National Rail Card


The biggest complaint in surveys about the railway is its perceived poor value for money. Despite the large amount of public money being invested in the rail network (esserntially for enhancements, as the train services actually cover their costs), passengers get a poor deal on value for money in Britain, compared to car drivers. Some of our rail fares are the highest in Europe, but UK petrol prices are lower than several other European countries. One of the ways fares could be reduced for regular users is to introduce a national rail card. Germany's equivalent, the BahnCard, is now 20 years old. 4.8 million people in Germany have a BahnCard.

In 2003 Railfuture commissioned research on how a national rail card could increase patronage.

You can view the following from this page:

Railwatch report of the launch of the research August 2003 41kB PDF

National Rail Card report introduction April 2003 120kB PDF

National Rail Card report executive summary April 2003 338kB PDF

National Rail Card report full report 704kB PDF

National Rail Card international comparison report introduction July 2003 120kB PDF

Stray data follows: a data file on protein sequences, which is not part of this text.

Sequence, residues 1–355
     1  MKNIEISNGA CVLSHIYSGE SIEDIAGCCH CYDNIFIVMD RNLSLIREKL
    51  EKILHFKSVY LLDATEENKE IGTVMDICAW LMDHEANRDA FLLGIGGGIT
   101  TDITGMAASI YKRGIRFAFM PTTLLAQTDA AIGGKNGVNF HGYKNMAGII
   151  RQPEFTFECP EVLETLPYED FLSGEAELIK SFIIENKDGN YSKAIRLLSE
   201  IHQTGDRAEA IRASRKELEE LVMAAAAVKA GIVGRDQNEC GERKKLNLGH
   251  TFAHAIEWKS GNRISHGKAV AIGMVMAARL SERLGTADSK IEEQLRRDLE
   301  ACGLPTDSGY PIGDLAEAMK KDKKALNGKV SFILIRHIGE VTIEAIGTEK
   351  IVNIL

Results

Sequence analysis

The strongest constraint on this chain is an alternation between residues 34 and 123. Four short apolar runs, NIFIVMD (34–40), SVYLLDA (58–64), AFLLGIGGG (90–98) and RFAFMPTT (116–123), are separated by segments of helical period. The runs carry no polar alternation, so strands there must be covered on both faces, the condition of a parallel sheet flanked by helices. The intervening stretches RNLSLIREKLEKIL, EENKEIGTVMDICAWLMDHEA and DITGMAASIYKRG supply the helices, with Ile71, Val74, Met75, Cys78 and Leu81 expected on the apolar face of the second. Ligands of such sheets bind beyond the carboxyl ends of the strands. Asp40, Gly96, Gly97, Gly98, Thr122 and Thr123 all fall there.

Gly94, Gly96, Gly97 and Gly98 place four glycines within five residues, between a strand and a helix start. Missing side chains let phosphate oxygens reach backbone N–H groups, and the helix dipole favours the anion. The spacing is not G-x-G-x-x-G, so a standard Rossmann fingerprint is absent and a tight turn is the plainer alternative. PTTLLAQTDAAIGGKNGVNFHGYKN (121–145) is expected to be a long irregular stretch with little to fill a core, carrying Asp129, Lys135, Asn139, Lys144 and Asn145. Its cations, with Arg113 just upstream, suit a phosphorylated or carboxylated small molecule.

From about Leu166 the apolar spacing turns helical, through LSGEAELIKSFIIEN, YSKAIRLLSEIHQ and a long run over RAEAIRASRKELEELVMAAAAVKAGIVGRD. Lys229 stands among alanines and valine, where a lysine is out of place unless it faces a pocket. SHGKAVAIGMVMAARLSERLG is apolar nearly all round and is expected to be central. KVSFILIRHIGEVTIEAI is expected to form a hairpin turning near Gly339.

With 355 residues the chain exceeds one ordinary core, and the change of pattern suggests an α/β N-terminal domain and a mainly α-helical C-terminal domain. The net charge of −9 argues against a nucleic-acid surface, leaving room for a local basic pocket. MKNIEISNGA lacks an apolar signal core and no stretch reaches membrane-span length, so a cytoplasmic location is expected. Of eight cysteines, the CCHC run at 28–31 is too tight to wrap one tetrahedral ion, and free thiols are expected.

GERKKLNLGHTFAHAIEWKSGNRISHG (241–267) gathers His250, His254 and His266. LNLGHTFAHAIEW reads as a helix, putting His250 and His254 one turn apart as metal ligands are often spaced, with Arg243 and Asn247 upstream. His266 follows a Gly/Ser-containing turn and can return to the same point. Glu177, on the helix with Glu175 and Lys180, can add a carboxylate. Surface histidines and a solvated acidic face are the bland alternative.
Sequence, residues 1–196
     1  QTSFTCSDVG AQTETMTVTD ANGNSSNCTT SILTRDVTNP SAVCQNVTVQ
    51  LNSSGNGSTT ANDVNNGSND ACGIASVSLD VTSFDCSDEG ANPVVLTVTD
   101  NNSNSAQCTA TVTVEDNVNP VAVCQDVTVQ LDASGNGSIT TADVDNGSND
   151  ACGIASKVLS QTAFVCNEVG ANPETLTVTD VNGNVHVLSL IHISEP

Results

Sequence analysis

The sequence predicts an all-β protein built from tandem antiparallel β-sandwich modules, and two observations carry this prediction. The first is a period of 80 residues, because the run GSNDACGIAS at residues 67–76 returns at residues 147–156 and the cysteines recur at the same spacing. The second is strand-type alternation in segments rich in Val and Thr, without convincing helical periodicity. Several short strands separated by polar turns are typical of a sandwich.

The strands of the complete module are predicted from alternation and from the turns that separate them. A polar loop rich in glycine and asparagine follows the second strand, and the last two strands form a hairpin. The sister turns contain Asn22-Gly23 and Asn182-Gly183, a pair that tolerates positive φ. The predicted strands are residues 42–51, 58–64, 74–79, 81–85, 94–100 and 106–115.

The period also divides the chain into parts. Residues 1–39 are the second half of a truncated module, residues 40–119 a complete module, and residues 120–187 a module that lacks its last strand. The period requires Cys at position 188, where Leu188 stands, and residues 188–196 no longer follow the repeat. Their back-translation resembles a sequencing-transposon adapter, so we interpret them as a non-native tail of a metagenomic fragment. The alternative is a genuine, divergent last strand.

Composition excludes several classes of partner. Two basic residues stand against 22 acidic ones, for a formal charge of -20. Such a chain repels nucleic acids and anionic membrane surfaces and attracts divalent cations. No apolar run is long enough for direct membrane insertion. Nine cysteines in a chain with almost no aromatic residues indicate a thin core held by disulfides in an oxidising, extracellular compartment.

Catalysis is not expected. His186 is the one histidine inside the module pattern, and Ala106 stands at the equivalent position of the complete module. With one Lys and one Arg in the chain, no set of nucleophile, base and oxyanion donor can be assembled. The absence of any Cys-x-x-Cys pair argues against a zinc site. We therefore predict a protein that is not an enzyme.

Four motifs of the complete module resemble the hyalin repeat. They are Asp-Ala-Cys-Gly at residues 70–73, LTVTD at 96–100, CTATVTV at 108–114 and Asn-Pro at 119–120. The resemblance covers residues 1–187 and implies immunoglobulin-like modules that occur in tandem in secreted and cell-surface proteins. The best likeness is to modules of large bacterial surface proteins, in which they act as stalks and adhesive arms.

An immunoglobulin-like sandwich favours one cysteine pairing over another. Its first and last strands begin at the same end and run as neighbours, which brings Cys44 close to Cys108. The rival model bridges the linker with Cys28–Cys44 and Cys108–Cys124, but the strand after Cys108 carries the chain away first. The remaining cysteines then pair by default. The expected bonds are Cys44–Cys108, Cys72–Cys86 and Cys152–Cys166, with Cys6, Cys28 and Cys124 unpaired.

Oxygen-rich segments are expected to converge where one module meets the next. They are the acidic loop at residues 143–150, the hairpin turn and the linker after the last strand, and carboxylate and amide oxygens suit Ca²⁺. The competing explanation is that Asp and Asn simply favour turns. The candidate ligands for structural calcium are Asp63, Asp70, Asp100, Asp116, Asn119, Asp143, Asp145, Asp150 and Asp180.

National Rail Card international comparison full report July 2003 756kB PDF

However, two recent developments have brought the concept of a national railcard closer:

Two-together discount card

A two-together railcard was piloted in the West Midlands area (to people with a Birmingham, Walsall, Wolverhampton, Dudley or Coventry postcode) and has now been rolled-out across all train operators in Britain. It was launched in response to the fact that the majority of people do not qualify for a senior railcard or a young person's card.

Railfuture welcomes its introduction - it is one step towards a National Rail Card and will make the cost of rail travel more competitive with the cost of two people travelling together by car.

Gold Card

From 2 January 2015 the area covered by a Gold Card was extended beyond the Network railcard area to also include all Abellio Greater Anglia services (except Ely - Peterborough), East Midlands Trains from Norwich to Ely, all Chiltern Railways services including to Kidderminster, London Midland to Stafford, the West Midlands, Shrewsbury and Worcester, and Arriva Trains Wales from Birmingham to Shrewsbury. Virgin Trains and East Coast services are excluded. See the new Gold Card area map.

A Gold Card is an annual season ticket for journeys starting, finishing or wholly within this area, and issued within this area. It gives the holder and up to 3 adults travelling with the holder a 34% discount, and up to 4 children a 60% discount, for journeys after 0930 on Mondays to Fridays and at any time Saturdays and Sundays, with no minimum fare. Many people will find it worth buying a season ticket for a minimal distance just to get these benefits.

The cheapest season available as a Gold Card will then be Lichfield Trent Valley to Lichfield City, although the Ryde Esplanade to Ryde St Johns Road season does also include six free tickets on South West Trains each year.